What can teachers do to help students develop stronger vocabulary knowledge?
Page 4: Introduction to Possible Sentences
One strategy that can be used to support initial vocabulary learning is Possible Sentences. This practice helps students to examine how an author uses academic vocabulary and, eventually, facilitates their close reading of content-area text. This easy-to-implement strategy involves pre-teaching vocabulary terms before students read a content-area text passage and then, after they’ve read the text, allowing students the opportunity to revisit that vocabulary and solidify their learning. Possible Sentences requires some background knowledge of the content, so it is recommended that the strategy not be used at the beginning of a new unit. Instead, the strategy should be used once students have some familiarity with the themes or concepts in the unit. Possible Sentences consists of six steps:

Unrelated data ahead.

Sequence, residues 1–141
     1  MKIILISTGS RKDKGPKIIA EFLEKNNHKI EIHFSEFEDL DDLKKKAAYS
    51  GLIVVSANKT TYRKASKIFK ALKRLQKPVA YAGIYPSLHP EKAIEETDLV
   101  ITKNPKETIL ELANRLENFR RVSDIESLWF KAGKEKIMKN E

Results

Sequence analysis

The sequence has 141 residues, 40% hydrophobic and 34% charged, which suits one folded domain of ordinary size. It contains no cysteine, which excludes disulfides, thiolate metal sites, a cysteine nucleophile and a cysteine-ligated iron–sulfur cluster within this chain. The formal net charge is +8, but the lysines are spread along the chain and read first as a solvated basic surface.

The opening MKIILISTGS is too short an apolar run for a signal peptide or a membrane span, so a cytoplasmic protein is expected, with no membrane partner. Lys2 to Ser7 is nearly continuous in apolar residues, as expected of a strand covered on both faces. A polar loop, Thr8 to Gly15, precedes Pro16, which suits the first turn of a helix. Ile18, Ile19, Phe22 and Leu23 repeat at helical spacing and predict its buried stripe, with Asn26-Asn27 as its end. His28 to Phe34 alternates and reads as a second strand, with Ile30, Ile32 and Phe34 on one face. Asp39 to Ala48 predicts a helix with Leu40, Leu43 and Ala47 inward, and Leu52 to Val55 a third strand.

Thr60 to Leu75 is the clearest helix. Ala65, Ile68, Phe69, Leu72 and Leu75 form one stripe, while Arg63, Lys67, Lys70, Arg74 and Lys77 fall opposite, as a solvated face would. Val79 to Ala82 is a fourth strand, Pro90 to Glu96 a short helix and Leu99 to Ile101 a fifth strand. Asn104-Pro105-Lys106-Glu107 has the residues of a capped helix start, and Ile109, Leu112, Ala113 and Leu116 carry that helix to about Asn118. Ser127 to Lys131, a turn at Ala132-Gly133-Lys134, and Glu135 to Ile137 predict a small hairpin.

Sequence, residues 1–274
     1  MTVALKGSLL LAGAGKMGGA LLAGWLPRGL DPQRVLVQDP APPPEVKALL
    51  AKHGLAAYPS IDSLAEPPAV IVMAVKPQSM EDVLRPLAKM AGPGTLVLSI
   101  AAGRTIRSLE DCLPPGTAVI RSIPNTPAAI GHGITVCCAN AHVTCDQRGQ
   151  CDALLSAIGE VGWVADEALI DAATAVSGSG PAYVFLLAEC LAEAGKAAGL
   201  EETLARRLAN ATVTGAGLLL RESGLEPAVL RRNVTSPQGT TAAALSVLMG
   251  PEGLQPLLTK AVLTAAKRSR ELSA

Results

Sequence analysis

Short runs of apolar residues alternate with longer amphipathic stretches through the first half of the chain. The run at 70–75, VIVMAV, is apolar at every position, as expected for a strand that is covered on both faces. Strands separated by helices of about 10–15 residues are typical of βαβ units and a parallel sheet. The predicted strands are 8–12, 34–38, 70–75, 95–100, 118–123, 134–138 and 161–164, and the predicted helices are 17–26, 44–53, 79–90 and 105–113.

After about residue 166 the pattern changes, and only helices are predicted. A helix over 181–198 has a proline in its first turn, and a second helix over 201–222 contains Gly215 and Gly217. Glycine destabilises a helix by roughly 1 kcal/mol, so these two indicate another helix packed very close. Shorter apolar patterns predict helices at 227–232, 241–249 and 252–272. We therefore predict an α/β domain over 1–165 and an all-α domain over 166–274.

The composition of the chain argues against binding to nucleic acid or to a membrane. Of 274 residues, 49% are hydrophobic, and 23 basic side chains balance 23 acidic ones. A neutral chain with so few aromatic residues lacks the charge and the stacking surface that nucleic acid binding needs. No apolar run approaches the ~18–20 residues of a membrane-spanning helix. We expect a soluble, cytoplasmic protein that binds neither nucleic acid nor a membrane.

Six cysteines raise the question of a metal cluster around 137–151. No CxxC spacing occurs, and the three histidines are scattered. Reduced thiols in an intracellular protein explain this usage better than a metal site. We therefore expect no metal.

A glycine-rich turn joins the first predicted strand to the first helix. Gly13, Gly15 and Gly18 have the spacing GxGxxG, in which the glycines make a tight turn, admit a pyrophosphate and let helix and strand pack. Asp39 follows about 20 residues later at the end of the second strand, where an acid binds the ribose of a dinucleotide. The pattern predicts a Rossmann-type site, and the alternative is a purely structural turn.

|Teacher: Select unfamiliar and familiar words.
|Teacher and students: Practice word identification.
|Teacher and students: Generate student-friendly definitions.
|Students: Compose Possible Sentences.
|Students: Read text.
|Students: Evaluate, discuss, revise sentences.
Research over the last 20 years has demonstrated the effectiveness of Possible Sentences.
- When teachers use Possible Sentences with academic text, their students:
- Were better able to pronounce terms presented in context
- Showed improved recall of academic vocabulary
- Showed improved recall of facts from the text
(Bismonte et al., 1994; Stahl & Kapinus, 1991)
- Researchers concluded that students who used Possible Sentences benefited from hearing how their peers process information during the pair, small-group work, and whole-class sharing opportunities.
(Stahl & Kapinus, 1991)
- The Possible Sentences strategy has been shown to significantly improve vocabulary knowledge for students with a range of reading abilities and among those from diverse backgrounds.
(Bismonte et al., 1994)